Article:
Random (but not really)

Tuesday, November 5, 2019

Bathroom Remodel: Rebuild These Walls and a Shelf (Part the Third)

Once the tub was mostly finished, we moved onto the walls around the toilet (the opposite walls were in decent shape and didn’t need demolished).

As I mentioned before, the space between the walls is ridiculously deep, so it seemed ridiculous not to build shelves into that space. The worry was that is the only section of open wall large enough to hold towel racks, so I needed another spot to hang towels. Once I figured that out, we had to figure out how to build the shelf.

Although it probably wasn’t load bearing, there was a stud running up the middle section of where the shelf would go. Thinking back to how we built the bookshelves into the walls in the computer room (Apparently I have no blog posts about any of that work–unsurprisingly, really, since then Grandmom moved in as soon as we finished.) I figured we could just cut out the middle of the stud and brace the edges. This led to so interesting discussions as we tried to figure out how to do this, including the following exchange:

“And just how is that board going to be held in place?”
“Um…. magic?”

We didn’t use magic.

We also put in more outlets, because two outlets did just not cut it, even in a bathroom we rarely used.

Michael built a three-sided box that we slid into the space.

There ended up being an issue, because the box was built with about a quarter inch of extra space on each side, for ease of getting the box into the wall. Then Michael nailed the box to the studs–without remembering that we needed shims to account for that quarter inch. So things were not quite square, but that box is going NOWHERE.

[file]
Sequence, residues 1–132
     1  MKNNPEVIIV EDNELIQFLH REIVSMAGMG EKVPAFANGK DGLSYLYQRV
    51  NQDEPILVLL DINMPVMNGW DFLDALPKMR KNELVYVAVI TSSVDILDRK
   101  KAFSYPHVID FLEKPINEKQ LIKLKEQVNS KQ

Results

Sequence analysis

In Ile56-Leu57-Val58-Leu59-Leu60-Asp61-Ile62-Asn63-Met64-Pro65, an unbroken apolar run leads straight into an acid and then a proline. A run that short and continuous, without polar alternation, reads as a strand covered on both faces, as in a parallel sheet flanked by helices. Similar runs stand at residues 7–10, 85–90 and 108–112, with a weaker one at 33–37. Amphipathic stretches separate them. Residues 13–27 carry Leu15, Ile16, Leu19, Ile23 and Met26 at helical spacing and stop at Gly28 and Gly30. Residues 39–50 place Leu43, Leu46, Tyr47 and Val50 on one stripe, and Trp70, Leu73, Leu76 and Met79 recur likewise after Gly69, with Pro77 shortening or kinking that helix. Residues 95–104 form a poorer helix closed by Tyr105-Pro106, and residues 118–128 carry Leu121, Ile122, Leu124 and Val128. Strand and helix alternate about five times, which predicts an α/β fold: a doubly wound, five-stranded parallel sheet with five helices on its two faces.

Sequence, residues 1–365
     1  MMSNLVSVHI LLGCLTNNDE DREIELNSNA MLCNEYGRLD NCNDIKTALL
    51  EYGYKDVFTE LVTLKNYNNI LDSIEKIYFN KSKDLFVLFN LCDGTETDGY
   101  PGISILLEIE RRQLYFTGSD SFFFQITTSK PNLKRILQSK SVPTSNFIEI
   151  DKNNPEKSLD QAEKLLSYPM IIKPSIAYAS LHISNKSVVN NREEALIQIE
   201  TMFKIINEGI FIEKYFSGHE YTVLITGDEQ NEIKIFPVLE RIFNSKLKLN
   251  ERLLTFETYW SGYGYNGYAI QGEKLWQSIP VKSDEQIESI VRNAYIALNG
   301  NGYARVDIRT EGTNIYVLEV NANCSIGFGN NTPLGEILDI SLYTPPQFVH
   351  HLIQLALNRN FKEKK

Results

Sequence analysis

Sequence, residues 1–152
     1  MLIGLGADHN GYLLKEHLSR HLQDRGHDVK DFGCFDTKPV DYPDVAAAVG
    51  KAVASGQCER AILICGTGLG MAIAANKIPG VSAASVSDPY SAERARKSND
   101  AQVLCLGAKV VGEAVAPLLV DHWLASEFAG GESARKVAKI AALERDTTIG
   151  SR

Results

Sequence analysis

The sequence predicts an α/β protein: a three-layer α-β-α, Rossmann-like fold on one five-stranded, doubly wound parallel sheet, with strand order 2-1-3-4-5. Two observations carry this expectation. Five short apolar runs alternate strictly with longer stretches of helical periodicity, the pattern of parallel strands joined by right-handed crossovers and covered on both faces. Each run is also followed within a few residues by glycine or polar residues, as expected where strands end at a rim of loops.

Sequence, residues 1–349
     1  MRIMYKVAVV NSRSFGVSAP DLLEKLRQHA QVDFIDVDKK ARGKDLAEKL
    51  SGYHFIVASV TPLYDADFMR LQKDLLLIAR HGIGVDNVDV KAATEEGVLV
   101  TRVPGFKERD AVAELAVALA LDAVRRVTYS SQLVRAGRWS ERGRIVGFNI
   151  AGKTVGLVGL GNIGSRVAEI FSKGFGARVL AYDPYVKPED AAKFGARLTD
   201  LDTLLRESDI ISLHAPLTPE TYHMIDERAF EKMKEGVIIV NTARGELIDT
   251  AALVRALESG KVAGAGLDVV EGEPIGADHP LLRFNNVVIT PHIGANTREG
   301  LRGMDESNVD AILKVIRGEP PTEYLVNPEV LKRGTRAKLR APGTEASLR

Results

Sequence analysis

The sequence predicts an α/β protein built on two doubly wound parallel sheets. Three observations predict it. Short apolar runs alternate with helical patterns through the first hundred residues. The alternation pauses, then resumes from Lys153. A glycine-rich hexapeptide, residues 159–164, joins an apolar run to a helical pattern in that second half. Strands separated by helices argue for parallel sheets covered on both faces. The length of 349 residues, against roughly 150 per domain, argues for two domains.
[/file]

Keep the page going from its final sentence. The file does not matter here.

We then put up the rest of the drywall, and taped and mudded.

Painting happened in stages, because we were only going to pull the toilet completely out once. So the upper half of the walls were painted, and we put trim around the shelf.

Initially Michael used L-brackets to put up the shelves. I hated this, so once I got the pocket jig, I ripped out the L-brackets, repainted, and put in new shelves.

Now, we ended up having another issue here that probably won’t be a problem for anyone else ever, unless they also have a teeny bathroom. Because the cement board stood slightly proud of the “regular” wall, we had to order special corner-type tiles, and ended up with a space beside the medicine cabinet that couldn’t have tile–or anything else. If you stand at an angle you can see the unfinished edge behind the medicine cabinet. So…don’t do that if you come over to my house.

The trim was the very last thing to go up, since the floor was the next-to-last thing we did in the bathroom.

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